commands to the server at the other end of the connection, and that's
about it -- there, methods are for doing something to the world outside
the object, and the objects is just something that specifies what bit
of the world (well, what FTP session) to act upon.

With most other classes, however, the object itself stores some kind of
information, and it typically makes no sense to do things with such an
object without considering the data that's in the object.

=head2 What's I<in> an Object?

An object is (with rare exceptions) a data structure containing a
bunch of attributes, each of which has a value, as well as a name
that you use when you
read or set the attribute's value.  Some of the object's attributes are
private, meaning you'll never see them documented because they're not
for you to read or write; but most of the object's documented attributes
are at least readable, and usually writeable, by you.  Net::FTP objects
are a bit thin on attributes, so we'll use objects from the class
Business::US_Amort for this example.  Business::US_Amort is a very
simple class (available from CPAN) that I wrote for making calculations
to do with loans (specifically, amortization, using US-style

An object of the class Business::US_Amort represents a loan with
particular parameters, i.e., attributes.  The most basic attributes of a
"loan object" are its interest rate, its principal (how much money it's
for), and it's term (how long it'll take to repay).  You need to set
these attributes before anything else can be done with the object.  The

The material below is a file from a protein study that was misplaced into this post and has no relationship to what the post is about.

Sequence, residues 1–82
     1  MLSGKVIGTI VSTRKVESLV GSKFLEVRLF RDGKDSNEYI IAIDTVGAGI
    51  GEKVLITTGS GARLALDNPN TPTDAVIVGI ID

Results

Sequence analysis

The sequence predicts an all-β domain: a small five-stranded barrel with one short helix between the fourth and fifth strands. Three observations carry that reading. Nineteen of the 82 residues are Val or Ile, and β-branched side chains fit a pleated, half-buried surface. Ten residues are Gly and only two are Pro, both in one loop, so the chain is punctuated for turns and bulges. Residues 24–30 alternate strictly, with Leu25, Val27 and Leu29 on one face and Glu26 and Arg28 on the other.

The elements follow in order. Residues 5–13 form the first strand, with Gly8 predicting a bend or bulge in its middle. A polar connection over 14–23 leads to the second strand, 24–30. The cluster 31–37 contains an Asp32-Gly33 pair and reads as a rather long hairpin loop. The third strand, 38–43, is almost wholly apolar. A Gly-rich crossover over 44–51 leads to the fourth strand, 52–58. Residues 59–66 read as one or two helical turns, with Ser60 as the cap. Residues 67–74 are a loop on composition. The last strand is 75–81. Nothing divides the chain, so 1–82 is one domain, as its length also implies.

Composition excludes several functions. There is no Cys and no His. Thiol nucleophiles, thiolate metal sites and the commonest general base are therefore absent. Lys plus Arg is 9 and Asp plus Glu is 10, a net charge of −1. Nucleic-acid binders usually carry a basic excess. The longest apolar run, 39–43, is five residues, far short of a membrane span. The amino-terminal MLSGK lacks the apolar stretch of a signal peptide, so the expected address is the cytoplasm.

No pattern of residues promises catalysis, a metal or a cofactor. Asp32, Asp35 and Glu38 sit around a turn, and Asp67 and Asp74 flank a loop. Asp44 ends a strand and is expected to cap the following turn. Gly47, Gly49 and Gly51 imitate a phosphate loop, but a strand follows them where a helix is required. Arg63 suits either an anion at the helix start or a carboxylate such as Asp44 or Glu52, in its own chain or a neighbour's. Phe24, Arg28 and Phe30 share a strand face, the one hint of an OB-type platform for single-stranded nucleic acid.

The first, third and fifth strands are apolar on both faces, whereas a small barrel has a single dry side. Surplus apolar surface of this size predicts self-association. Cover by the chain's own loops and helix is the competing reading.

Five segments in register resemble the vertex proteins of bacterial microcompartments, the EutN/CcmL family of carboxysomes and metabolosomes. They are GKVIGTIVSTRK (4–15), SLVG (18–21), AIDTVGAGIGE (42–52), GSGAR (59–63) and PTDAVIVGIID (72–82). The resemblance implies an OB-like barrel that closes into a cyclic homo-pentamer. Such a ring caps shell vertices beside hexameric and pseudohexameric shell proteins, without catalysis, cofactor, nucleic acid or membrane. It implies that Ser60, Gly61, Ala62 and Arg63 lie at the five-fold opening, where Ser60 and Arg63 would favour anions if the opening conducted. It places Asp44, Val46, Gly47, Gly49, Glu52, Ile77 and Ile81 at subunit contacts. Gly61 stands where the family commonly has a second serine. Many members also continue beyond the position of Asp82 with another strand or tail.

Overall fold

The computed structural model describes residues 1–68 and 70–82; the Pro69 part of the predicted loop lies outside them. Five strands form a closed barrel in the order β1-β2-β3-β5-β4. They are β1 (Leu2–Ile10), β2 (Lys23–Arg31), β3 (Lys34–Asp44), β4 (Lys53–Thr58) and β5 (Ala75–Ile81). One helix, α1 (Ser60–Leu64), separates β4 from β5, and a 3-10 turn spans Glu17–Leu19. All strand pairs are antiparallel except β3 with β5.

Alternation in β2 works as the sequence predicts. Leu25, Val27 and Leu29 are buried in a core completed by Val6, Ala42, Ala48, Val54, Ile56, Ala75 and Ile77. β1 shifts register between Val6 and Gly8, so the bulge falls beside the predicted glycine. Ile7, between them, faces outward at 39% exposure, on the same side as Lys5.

way to get at those attributes for loan objects is just like the
way to get at attributes for any class's objects: through accessors.
An B<accessor> is simply any method that accesses (whether reading or
writing, AKA getting or putting) some attribute in the given object.
Moreover, accessors are the B<only> way that you can change
an object's attributes.  (If a module's documentation wants you to
know about any other way, it'll tell you.)

Usually, for simplicity's sake, an accessor is named after the attribute
it reads or writes.  With Business::US_Amort objects, the accessors you
need to use first are C<principal>, C<interest_rate>, and C<term>.
Then, with at least those attributes set, you can call the C<run> method
to figure out several things about the loan.  Then you can call various
accessors, like C<total_paid_toward_interest>, to read the results:

  use Business::US_Amort;
  my $loan = Business::US_Amort->new;
  # Set the necessary attributes:
  $loan->term(20); # twenty years

  # NOW we know enough to calculate:
  # And see what came of that:
    "Total paid toward interest: A WHOPPING ",
    $loan->total_paid_interest, "!!\n";

This illustrates a convention that's common with accessors: calling the
accessor with no arguments (as with $loan->total_paid_interest) usually
means to read the value of that attribute, but providing a value (as
with $loan->term(20)) means you want that attribute to be set to that
value.  This stands to reason: why would you be providing a value, if
not to set the attribute to that value?

Although a loan's term, principal, and interest rates are all single
numeric values, an objects values can any kind of scalar, or an array,
or even a hash.  Moreover, an attribute's value(s) can be objects
themselves.  For example, consider MIDI files (as I wrote about in
TPJ#13): a MIDI file usually consists of several tracks.  A MIDI file is